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Forum Contributor 2007 Distinguished SOTW Member
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Brass tends to get more brittle as it is worked. There is a risk of cracks if an area is overworked. For example, a bow that gets repeatedly dented and repaired. Could a small amount of heat from a torch be used on the area to be worked to reduce the chance of cracking? This is a method used in Auto body repair when straightening metal panels, albeit, for different reasons.
 

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Yes, within reason in certain applications. Annealing is the process of heating the brass cherry-red to soften it. This is where a large torch is better. This works well on large brass instruments such as tubas and baritones, which get bashed hard and often. However on saxophones, this would require the removal of the bow, and separation from the bell and main body tube. If there are posts, guards, caps etc. in the area to be annealed, they are going to fall off due to the high heat. Hope this helps.
 

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Another downside is that in order to anneal the brass the heat required would crystallize the lead in the surrounding solder joints. Crystallized lead requires extreme heat to re-melt (above the melting point of the brass) and is extremely hard. Almost impossible to remove. :( Most saxophone dents work out fine without heat.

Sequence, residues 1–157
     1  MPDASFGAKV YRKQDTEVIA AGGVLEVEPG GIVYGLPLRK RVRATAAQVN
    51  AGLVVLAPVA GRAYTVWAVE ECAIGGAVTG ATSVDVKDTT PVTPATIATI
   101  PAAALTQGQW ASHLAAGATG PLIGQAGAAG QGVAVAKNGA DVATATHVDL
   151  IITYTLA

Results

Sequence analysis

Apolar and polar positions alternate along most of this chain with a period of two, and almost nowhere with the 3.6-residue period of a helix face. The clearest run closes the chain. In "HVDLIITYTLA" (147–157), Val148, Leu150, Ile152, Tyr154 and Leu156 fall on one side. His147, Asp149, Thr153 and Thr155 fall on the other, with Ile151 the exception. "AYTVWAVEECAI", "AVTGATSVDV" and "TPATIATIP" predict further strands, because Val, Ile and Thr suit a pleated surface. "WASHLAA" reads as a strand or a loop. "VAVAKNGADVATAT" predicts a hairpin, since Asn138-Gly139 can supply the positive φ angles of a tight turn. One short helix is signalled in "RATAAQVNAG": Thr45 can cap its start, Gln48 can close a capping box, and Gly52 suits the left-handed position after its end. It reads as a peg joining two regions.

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Distinguished Technician & SOTW Columnist. RIP, Yo
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tb, you've been scarece lately!

OK, you've caught my attention. Do you have any sourced of this information you can lead me to?

(I know heat damages lead soldering, compromimsing its strength, but I have never had to exceed the melting point of brass to melt solder in the vicinity of a once-heated object. The only problem I have ever had is that the soldered parts fall off.)

Willing and eager to learn more...
 

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Gordon, I read that in a warning from a solder manufacturer many years ago. It explained that once lead crystallized it actually changed molecular form. Similar to that of aluminum vs. aluminum oxide.

I actually screwed up and overheated lead on brass once many moons ago and went through hell trying to remove it. Actually wore a file out trying to get that stuff off. :x
 

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Distinguished Technician & SOTW Columnist. RIP, Yo
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Aluminium is a metal. Aluminium is a very hard abrasive, used for (white) abrasive wheels and "sand" paper. (Aluminium very quickly oxidises on its surface, which is what makes aluminium foil a useful abrasive agent.)

Lead is normally a very soft metal. So are we actually talking about another state of lead here, or a lead oxide?

Or are we talking about where lead solder is used on a base metal, and when over-heated, it alloys with the base metal, greatly raising its melting point? I believe (by instruction and experience) that this is an issue with any soldering of sterling silver, which is why it should be done quickly, so as to reduce the alloying.

So many things to discover!
 

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Forum Contributor 2007-2012, Distinguished SOTW Te
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I have seen what tbone is talking about- once, and that was enough! Although I don't know exactly what is happening chemically, I do know that if you are for instance silver soldering a post back to its foot (off the body), and the lead solder was not TOTALLY cleaned off of the foot, the solder will get extremely hard, and will not melt at normal soft solder temperatures, and filing it off is really the only thing you can do.
 
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